Here is a chart that was part of an excellent article by Veronique de Rugy of the Mercatus Center. It shows that spending – including defense spending – will increase regardless of what happens.

The only issue is whether members of the Stupid Party agree to a tax hike so that the burden of federal spending can climb even faster.

The Washington elites want a deal so they can transfer more money to Washington. For American taxpayers, however, the only good conclusion is a Supercommittee deadlock, followed by a sequester.

Read Full Post »

I have sometimes wondered whether it is accurate to say that Republicans are the “Stupid Party.”

We’ll soon know the answer to that question. As part of the debt limit agreement, the politicians agreed to set up a “Supercommittee” comprised of six Republicans and six Democrats that was responsible for producing at least $1.2 trillion of supposed deficit reduction.

But the Democrats appointed a group of hardcore leftists to the Supercommittee, which means that it is virtually impossible to get the necessary seven votes for a good agreement. Indeed, the more relevant question is whether one or more of the Republicans surrenders to a big tax hike.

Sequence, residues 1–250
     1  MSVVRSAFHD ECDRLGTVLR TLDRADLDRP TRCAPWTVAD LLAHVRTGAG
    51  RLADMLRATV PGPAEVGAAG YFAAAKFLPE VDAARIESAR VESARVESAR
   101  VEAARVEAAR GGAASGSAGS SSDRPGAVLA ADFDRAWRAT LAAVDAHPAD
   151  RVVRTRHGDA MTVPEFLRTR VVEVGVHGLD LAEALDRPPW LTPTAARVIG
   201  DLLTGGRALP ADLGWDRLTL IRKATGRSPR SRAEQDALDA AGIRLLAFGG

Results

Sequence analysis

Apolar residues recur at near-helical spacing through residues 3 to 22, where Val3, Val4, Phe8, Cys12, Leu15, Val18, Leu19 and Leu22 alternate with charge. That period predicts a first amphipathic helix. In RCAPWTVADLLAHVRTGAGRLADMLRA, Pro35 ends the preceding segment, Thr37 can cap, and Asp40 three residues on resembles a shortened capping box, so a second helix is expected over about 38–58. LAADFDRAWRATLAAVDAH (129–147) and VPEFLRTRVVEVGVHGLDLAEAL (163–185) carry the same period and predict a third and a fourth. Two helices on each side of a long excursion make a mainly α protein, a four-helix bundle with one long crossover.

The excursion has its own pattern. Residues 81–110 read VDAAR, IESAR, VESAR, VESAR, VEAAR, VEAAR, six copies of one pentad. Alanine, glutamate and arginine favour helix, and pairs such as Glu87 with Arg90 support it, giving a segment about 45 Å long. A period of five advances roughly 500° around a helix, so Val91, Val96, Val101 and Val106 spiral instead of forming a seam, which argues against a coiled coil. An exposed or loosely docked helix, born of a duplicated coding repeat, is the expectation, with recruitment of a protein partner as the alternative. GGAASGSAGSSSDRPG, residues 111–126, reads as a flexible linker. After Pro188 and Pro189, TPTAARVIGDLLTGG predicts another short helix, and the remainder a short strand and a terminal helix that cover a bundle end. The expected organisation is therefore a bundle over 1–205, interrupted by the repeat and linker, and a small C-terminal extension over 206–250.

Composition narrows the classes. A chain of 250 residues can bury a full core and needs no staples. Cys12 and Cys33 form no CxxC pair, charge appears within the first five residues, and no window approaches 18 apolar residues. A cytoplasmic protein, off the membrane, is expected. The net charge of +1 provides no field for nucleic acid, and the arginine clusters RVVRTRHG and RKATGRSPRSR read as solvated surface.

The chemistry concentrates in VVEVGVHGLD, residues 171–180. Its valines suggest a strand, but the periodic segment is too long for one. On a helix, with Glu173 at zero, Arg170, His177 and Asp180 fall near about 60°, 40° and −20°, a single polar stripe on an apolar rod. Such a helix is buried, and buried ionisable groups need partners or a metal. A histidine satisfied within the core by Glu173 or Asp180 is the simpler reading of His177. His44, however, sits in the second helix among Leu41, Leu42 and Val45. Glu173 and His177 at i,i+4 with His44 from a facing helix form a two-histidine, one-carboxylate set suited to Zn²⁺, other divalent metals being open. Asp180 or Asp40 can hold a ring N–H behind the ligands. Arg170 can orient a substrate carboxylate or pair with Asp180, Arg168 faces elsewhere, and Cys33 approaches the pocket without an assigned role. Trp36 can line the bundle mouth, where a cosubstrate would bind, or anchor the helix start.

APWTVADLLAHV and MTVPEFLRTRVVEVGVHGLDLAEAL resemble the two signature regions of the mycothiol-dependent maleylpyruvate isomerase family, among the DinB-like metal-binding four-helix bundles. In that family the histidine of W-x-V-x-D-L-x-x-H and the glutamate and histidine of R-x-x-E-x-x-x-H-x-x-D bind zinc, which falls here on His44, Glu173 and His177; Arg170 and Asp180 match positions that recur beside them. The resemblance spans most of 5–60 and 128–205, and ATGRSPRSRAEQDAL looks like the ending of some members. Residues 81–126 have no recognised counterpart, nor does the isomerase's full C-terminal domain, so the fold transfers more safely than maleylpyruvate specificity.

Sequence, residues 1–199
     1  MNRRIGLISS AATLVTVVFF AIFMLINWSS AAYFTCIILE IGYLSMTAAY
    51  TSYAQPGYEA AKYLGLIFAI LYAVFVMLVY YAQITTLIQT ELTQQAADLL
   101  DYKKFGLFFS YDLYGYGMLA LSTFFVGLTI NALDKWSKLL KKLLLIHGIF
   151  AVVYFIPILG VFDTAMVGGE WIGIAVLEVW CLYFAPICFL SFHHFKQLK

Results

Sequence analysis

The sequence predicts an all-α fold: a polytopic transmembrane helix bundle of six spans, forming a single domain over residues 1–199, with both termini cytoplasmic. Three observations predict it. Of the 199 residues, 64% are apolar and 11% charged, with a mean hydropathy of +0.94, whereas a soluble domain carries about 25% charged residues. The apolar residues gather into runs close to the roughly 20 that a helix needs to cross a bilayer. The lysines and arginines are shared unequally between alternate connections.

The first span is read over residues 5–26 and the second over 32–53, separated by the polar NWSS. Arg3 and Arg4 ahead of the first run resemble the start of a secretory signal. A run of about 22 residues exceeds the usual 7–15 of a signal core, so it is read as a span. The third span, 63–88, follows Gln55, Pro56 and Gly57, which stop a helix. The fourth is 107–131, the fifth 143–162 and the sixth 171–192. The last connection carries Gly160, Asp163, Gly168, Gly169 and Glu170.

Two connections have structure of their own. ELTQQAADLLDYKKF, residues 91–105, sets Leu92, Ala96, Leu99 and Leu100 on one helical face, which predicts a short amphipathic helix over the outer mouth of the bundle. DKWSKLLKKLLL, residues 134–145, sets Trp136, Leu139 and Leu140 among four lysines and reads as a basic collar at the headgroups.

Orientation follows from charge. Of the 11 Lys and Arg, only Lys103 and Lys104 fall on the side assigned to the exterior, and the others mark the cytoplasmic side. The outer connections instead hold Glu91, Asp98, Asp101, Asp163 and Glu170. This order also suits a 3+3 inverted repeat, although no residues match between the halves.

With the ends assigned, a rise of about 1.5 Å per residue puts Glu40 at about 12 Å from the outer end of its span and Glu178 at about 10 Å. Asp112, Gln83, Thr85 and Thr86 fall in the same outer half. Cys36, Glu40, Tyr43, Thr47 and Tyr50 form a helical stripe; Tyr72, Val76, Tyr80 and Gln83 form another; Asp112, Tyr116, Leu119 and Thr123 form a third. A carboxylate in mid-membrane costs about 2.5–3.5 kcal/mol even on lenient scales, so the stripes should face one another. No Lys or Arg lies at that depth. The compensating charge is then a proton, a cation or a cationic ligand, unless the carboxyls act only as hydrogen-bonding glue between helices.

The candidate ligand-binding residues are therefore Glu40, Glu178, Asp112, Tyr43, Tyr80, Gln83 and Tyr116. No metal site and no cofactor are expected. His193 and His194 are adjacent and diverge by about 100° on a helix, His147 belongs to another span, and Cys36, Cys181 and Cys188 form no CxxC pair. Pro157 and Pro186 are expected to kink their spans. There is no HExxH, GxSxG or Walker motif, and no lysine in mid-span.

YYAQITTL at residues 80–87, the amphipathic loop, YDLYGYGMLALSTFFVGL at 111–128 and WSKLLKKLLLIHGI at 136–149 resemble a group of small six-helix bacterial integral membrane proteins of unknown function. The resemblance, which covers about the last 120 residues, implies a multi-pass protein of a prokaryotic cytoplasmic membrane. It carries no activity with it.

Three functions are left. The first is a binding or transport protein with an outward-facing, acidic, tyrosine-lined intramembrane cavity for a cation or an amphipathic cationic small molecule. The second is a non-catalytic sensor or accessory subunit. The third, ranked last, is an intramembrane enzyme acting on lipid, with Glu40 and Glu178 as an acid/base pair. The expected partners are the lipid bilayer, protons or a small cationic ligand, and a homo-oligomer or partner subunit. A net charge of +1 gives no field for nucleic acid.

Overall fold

Fortunately, there is an alternative. The law says that there will be automatic spending reductions if the Supercommittee does not reach an agreement. The political establishment in Washington thinks that this outcome – known as sequestration – would be horrible.

They tell as that a sequester would mean “savage” and “draconian” budget cuts. The only “responsible” approach, we are told, is to go along with a tax increase.

This is hogwash. The automatic spending cuts are only “cuts” using Washington’s dishonest budget math. Here’s a chart showing how much spending will grow over the next 10 years, and the relatively tiny reduction in budgetary growth that will be caused if there is a sequester.